Some of the above is not entirely accurate. I work for a game developer, and am part of a multi-person audio team. I know of several other developers who have sizable audio teams. This is something that's improving throughout the industry, though it depends on the quality of the titles being produced.
Most of the games I've worked on have been big budget, "AAA" (as they call them) titles. For all of these projects, there has been an in-house audio staff of at least several people, as well as some outsourcing (VO, music, some types of sound design). It may seem as if these are the rare situations, but they're not THAT rare. If you watch the industry, there are quite a few big titles that are launched each year, and generally all of them have more than two or three sets of ears involved.
At a previous employer, we had nine audio staff (four audio-focused programmers and five audio designers/implementers) out of 110 total. At another job, we had five audio staffers (one audio-focused programmer and four audio designers/implementers) out of 130 total. I know of a few places where the numbers are greater than this.
It IS very hard to get into though. We still are among the rarest people in this industry, and due to the type of work we do (which is very granular, involves a lot of scripting knowledge, and is becoming more complicated with each console generation), experience is generally needed to get any sort of decent job. There's still a black box mentality towards audio... a lot of developers don't want to spend time training or getting someone on their feet, they just don't want to worry about sound at all.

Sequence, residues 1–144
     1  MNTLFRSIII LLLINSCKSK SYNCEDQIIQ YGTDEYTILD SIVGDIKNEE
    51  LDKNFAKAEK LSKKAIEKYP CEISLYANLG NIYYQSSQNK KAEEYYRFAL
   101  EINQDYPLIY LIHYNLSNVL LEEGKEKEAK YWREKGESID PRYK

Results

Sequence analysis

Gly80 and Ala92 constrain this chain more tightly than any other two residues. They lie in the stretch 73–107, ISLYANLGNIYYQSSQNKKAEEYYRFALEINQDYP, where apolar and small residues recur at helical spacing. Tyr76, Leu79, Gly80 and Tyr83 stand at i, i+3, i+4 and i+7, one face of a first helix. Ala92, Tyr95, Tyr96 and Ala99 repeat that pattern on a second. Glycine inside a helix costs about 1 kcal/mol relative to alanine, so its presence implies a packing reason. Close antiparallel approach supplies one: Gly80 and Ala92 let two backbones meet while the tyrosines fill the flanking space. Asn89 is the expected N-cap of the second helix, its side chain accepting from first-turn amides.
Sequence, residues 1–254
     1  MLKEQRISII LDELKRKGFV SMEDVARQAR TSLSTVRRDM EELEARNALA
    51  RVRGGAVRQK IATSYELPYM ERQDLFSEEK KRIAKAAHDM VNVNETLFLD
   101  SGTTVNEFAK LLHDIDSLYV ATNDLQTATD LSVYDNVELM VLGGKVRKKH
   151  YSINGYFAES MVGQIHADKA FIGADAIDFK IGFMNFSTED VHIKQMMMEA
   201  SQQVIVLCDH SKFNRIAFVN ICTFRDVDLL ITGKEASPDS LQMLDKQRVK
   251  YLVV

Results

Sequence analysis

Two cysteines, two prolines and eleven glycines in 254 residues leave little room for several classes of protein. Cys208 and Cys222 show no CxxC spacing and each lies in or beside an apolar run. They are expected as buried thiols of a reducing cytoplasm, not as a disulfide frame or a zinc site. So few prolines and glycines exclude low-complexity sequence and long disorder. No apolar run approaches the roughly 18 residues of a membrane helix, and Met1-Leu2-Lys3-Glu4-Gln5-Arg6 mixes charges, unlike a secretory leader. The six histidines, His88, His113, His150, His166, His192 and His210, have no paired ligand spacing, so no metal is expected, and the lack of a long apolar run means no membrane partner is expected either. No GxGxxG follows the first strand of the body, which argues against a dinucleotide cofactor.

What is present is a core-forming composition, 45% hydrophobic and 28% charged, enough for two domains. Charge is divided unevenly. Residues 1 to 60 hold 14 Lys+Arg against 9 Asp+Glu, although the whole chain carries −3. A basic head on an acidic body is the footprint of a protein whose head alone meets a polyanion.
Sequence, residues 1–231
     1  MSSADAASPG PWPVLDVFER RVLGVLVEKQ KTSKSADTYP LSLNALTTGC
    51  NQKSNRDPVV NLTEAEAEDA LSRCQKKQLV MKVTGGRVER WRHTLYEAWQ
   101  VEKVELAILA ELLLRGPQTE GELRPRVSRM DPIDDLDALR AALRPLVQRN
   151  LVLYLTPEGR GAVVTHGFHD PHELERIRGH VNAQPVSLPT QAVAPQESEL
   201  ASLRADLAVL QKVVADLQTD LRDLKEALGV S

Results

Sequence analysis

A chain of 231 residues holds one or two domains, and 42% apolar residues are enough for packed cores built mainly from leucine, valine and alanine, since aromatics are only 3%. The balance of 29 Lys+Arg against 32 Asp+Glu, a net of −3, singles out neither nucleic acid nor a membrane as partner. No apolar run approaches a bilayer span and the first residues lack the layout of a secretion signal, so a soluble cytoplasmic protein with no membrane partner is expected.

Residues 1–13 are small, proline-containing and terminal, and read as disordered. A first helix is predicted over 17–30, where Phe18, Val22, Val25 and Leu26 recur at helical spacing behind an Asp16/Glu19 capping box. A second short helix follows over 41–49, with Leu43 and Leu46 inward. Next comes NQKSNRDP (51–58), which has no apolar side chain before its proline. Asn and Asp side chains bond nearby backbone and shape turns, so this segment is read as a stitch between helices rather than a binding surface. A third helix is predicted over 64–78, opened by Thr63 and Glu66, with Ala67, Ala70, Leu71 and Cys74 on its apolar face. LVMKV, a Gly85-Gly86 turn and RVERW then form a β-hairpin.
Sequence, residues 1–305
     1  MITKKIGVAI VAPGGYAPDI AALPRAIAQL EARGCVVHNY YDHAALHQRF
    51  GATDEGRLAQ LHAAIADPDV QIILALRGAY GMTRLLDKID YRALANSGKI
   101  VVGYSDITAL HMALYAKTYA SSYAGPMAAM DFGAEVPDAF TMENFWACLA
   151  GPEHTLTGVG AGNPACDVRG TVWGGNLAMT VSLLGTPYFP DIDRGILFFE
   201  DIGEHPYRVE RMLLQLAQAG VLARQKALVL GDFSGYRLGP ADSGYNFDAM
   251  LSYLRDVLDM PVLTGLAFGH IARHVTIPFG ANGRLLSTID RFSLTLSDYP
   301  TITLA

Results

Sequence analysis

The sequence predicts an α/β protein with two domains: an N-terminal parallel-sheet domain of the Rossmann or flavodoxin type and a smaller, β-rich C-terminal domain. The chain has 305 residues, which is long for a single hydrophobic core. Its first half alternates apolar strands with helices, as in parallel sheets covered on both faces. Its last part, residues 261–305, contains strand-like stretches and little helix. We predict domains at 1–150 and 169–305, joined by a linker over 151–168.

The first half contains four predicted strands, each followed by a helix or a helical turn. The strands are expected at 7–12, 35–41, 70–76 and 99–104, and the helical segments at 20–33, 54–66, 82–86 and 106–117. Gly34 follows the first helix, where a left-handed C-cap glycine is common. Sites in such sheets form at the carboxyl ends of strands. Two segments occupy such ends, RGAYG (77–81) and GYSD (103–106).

I came from a linear post background to games. I always wanted to work in games, but couldn't get in at first. After spending a few years working in TV, I finally made it in, but it had nothing to do with my experience. It came down to having a friend in the business and being in the right place at the right time.
Making the jump is tough though. You start at the bottom, just as if I were to jump from games over to film. And the job itself is very different. It's not just making sound effects to video. You have to think about how audio is going to be separated into components and triggered from within the game. It requires some serious out of the box thinking, but that's why I love it